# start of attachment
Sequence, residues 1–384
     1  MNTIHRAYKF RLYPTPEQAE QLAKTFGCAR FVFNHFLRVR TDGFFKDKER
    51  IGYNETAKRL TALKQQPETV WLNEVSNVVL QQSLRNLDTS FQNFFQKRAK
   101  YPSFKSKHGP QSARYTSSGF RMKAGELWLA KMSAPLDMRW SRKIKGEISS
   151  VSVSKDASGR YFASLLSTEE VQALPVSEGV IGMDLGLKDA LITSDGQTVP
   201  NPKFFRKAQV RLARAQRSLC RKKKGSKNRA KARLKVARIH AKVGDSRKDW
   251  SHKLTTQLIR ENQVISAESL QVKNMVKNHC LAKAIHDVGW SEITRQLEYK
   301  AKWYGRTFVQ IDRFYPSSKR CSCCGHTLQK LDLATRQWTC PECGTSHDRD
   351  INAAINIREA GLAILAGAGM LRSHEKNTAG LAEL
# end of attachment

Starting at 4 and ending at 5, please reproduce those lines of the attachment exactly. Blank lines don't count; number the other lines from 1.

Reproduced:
   101  YPSFKSKHGP QSARYTSSGF RMKAGELWLA KMSAPLDMRW SRKIKGEISS
   151  VSVSKDASGR YFASLLSTEE VQALPVSEGV IGMDLGLKDA LITSDGQTVP